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Spontaneous Polarization-Induced Asymmetric Growth of CdSe nanobelts

Daniel Moore*, Christopher Ma, and Z.L. Wang

Georgia Institute of Technology
Atlanta, GA 30332 USA

This is an abstract for a presentation given at the
1st Conference on Advanced Nanotechnology:
Research, Applications, and Policy

 

Wurtzite structured Cadmium Selenide (CdSe) is an important II-VI semiconducting compound for optoelectronics. CdSe quantum dots are the most extensively studied quantum nanostructure due the size tunable properties, and they have been used as a model system for investigating a wide range of nano-scales electronic, optical, optoelectronic and chemical processes. CdSe was also the first example for demonstrating self-assembled semiconductor nanocrystal superlattices. With a direct bandgap of 1.8 eV, CdSe quantum dots have been used for laser diodes, nanosensing, and biomedical imaging.

Although CdSe quantum dots have been the dominant material for studying quantum confined effect, there are only a few reports on the synthesis of quasi-one-dimensional CdSe nanostructures. Shape controlled synthesis of CdSe nanorods, template assisted synthesis of CdSe nanowires and nanotubes have been demonstrated through electrochemical and chemical approaches. Two-dimensional arrays of CdSe pillars have been fabricated using e-beam lithography. These nanowire and nanotubes are composed of nano-size grains and they are polycrystalline in nature, thus, the grain boundary scattering could greatly affect the optoelectronic performance. We report the synthesis of single-crystal nanobelt structure of wurtzite CdSe.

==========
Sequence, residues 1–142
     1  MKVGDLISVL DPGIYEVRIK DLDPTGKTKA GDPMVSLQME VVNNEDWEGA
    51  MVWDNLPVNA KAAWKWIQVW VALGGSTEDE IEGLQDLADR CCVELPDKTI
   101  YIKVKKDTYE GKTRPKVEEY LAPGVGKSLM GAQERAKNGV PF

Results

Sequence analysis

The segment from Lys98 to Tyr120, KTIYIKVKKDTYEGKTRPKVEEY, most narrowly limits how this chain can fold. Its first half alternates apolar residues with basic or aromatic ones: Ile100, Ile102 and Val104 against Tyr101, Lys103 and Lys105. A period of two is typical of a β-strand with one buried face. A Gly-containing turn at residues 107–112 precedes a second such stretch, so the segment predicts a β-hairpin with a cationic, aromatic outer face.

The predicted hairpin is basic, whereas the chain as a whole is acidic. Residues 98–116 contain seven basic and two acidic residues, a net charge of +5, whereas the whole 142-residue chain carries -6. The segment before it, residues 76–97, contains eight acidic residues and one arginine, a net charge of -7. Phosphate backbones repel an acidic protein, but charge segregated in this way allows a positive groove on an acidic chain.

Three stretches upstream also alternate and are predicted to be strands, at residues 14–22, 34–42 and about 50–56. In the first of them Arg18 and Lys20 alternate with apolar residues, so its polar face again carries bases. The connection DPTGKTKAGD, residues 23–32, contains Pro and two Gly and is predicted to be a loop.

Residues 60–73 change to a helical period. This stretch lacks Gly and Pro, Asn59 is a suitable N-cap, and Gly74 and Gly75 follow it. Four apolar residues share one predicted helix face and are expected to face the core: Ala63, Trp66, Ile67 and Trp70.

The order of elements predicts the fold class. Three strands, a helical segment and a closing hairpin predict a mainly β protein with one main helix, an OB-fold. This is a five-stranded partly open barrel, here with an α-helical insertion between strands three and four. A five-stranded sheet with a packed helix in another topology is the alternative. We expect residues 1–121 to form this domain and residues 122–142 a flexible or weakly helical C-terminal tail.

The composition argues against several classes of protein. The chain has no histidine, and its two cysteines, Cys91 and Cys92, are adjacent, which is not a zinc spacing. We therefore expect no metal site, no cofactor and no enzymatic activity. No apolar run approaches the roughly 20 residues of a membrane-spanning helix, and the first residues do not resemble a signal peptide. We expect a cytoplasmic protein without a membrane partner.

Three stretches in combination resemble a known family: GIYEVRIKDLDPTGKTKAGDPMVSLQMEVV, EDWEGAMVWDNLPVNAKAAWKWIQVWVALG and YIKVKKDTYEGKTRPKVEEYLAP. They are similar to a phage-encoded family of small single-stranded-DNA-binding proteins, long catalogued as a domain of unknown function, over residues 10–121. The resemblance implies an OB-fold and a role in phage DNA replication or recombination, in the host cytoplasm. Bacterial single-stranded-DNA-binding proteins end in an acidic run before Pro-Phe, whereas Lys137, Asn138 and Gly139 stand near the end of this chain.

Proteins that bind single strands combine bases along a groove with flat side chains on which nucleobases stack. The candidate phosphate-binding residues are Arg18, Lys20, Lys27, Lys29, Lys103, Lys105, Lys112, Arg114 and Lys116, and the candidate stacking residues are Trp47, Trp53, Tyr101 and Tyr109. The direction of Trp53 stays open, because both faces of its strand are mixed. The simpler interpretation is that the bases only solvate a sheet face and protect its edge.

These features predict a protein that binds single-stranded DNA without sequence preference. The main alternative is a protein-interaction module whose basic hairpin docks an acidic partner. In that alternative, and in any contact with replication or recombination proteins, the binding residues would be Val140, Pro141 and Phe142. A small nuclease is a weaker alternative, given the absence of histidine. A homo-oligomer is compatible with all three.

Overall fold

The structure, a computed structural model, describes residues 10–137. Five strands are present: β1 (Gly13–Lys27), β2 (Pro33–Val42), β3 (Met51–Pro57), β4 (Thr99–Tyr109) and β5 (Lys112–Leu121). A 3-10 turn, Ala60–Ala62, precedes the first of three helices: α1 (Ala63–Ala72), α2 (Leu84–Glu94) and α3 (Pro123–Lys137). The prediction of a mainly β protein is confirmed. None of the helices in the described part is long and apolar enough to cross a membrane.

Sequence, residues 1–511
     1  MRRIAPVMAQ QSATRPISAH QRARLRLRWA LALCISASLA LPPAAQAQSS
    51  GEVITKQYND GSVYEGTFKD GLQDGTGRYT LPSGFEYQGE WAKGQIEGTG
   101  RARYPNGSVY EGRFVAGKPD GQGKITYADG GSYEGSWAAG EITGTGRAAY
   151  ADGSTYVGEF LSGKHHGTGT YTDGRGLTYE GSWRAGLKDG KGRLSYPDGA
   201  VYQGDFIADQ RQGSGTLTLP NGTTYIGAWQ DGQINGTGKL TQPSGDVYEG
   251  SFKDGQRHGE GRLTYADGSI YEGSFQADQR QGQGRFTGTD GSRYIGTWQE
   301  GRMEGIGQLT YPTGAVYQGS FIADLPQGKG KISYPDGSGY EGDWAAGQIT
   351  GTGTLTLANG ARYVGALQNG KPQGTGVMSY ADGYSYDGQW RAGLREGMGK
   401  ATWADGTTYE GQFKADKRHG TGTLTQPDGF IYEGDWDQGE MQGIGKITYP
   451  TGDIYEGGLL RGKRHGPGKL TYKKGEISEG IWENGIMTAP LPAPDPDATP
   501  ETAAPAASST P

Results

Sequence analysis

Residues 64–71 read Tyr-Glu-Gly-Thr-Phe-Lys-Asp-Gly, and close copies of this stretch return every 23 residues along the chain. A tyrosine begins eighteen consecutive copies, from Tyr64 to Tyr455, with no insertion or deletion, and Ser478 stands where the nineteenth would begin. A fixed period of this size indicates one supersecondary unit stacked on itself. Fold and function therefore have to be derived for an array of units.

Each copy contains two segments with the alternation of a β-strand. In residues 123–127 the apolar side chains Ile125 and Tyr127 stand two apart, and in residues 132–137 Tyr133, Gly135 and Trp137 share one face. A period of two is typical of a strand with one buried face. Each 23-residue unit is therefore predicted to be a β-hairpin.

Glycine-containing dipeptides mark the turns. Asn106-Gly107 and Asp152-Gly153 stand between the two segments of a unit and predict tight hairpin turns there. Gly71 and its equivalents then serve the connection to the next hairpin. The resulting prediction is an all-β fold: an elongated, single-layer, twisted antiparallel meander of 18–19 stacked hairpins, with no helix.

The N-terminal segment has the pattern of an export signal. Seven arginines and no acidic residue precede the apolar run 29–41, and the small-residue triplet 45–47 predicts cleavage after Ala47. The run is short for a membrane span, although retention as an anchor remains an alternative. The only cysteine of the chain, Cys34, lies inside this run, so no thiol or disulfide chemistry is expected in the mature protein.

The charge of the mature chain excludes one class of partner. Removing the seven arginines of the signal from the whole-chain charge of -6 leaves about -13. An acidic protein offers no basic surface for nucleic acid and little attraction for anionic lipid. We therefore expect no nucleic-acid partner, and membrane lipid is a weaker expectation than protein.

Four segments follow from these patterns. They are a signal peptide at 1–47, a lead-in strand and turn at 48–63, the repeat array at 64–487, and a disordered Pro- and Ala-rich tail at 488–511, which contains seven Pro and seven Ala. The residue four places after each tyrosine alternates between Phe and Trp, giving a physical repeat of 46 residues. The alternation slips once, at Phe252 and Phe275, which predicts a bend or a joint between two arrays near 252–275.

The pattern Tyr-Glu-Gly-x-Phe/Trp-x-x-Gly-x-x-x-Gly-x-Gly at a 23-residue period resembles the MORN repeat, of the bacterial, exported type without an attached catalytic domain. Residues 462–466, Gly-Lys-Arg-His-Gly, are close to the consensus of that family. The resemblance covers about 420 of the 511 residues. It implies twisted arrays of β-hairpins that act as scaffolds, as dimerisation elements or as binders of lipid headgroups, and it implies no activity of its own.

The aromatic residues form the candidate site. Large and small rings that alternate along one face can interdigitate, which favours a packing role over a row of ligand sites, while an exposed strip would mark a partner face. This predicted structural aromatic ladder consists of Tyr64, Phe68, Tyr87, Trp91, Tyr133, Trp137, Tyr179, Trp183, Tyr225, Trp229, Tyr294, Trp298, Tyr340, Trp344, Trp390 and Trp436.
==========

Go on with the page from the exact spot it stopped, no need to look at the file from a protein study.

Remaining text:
In addition to controlling the structure of the one-dimensional nanostructure, the properties can also be controlled by controlling the crystallographic growth direction. The Wurtzite structured CdSe has an important characteristic, which is the polar surfaces that lead to an asymmetric growth along the sides of the ribbons, called Spontaneous Polarization-induced Asymmetric (SPA) growth. The growth can cause fingers to grow from the sides. These polar nanobelts have applications ranging from piezoelectric cantilevers to bio-sensor arrays.

Abstract in Microsoft Word® format 20,806 bytes


*Corresponding Address:
Daniel Moore
Materials Science and Engineering, Georgia Institute of Technology
771 Ferst Dr., N.W., Atlanta, GA 30332 USA
Phone: (404) 385-0326
Email: daniel.moore@mse.gatech.edu
Web: http://www.nanoscience.gatech.edu/zlwang



Foresight Activities > Foresight Conferences > The 1st Adv. Nanotech. Conf. > Abstracts

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